Yes, It’s Possible To Run An Efficient Plant On Alternative Fuels. But In The Race To Zero Emissions There Are Many Challenges.
By Mark S. Kuhar
Alternative fuels have become a pressing issue for cement manufacturers, particularly in Europe, as governments and local authorities place increasing emphasis on green policies and decarbonization.
But in the race to zero emissions there are many challenges.
Firstly, since alternative fuels aren’t homogenous, they can create a lot of process instability. They also often contain high moisture content, which can limit kiln capacity. Then there’s the challenge of chlorine byproducts, and of course the cost – although this has been alleviated in many places by government incentives.
Emissions and production losses both stem from process inefficiencies. For these reasons, it could be concluded that alternative fuels necessarily cause a less efficient production process – and manufacturers must simply weigh these costs against the benefits (whether financial, where grants are available, or environmental).
However, at Seebo they have seen firsthand how many cement manufacturers experience periods of high efficiency using alternative fuels – indicating that they are capable of operating exceptionally, regardless of the fuel type.
That’s because where these Key Performance Indicators (KPIs) aren’t reached, it has nothing to do with alternative fuel usage per se – but rather stems from the very same process inefficiencies that cause precisely the same losses at cement plants which still use coal.
In short: process inefficiencies are causing your production losses, not alternative fuels. The real challenge is to eliminate those inefficiencies and find the optimal process settings to enable stable operations with or without alternative fuels.
Overcoming The Limits Of Human Decision Making
Cement manufacturing plants rely on human decision making. Your teams take dozens of manual decisions every single day, to ensure a stable, efficient process.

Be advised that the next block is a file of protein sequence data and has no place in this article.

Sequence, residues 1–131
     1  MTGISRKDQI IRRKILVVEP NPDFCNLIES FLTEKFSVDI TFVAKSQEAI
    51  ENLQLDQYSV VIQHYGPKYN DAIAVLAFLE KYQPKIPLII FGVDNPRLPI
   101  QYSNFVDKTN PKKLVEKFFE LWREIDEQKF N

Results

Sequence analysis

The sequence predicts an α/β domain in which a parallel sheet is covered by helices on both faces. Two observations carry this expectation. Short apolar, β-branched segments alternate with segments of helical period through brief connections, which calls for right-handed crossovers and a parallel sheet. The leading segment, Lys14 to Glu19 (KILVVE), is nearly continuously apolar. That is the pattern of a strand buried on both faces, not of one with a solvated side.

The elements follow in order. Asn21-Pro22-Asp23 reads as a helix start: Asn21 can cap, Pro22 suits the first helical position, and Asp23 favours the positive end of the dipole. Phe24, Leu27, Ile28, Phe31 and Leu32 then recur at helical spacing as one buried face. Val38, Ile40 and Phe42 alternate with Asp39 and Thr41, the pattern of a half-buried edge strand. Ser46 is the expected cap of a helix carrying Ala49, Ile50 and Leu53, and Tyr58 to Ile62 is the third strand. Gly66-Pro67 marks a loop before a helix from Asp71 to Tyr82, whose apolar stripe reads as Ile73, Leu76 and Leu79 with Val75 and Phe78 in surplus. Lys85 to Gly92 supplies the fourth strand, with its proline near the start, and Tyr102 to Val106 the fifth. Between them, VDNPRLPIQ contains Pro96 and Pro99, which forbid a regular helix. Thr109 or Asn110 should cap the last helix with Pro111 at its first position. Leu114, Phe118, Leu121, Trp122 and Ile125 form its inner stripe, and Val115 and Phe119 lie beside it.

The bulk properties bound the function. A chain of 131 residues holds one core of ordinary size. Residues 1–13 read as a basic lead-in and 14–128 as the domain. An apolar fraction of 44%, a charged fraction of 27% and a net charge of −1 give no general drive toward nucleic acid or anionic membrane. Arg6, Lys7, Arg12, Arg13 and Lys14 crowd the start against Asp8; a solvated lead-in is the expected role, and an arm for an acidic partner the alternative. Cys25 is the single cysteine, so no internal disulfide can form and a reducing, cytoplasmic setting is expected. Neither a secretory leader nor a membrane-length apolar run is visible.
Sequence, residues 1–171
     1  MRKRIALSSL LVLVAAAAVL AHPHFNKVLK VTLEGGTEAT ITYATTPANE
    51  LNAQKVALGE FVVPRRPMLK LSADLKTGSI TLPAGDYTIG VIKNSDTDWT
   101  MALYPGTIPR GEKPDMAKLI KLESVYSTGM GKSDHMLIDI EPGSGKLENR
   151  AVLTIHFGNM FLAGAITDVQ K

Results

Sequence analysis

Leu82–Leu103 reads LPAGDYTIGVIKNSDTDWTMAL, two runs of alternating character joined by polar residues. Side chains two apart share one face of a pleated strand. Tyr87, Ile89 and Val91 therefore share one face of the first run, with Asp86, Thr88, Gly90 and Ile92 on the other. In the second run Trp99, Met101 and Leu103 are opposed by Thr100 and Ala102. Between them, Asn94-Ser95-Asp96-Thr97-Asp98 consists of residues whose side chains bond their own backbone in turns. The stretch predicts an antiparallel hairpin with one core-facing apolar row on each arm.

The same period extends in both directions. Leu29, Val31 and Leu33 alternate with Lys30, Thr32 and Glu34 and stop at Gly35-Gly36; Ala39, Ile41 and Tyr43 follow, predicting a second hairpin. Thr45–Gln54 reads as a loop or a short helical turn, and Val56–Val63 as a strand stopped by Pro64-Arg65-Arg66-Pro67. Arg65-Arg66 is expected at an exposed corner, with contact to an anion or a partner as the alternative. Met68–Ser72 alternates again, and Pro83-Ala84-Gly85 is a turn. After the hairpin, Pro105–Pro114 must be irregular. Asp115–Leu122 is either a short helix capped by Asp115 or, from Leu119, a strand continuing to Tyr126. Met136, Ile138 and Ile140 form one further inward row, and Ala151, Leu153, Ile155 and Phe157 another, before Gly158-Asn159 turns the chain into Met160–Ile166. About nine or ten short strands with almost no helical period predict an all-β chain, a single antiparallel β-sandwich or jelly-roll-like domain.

The problem is that human decision making is inherently limited. Even with the best process experts and production teams, it is impossible to analyze all the data, all the time – particular considering that cement production is a uniquely complex process, with many complications and dynamic factors, from raw material variances to traceability. And then there’s the fact that process inefficiencies are usually the result of complex interrelationships between multiple data tags.
Expert Systems Still Rely On Human Decision-Making
Expert Systems do provide some level of automation. But ultimately they rely on the decisions and calculations of your process experts. What’s more, Expert Systems can’t adapt to changes in the process – they need your process experts for that.
However you look at it, your teams are fighting a sisyphean battle against the odds to sift through the ever-changing sea of data and pin down the precise optimal process settings at any given time.
AI-powered decision-support tools – ensuring your teams make the right decisions
The solution lies in decision-support tools that use Artificial Intelligence to provide key insights to your manufacturing teams – from process experts to production teams.
From our work with leading manufacturers, we’ve found that a decision support tool must provide three key values to make a true impact on manufacturing processes:
- Reveal the hidden causes: Your process experts already have tools to confirm their existing theories – what they’re missing is the hidden causes of inefficiencies and production losses that they aren’t even aware of. Using automated root-cause analysis, a decision support tool can provide them with precisely that.
- Continuous, scalable, multivariate analysis of all the data: They also need the ability to continuously analyze all the data, all the time, while taking into account all the complex interrelationships between different points throughout the line. Decision support tools use supervised Machine Learning algorithms to understand the patterns of behavior that commonly lead to losses (you can learn more about the applications of AI and Machine Learning to manufacturing in this short guide.)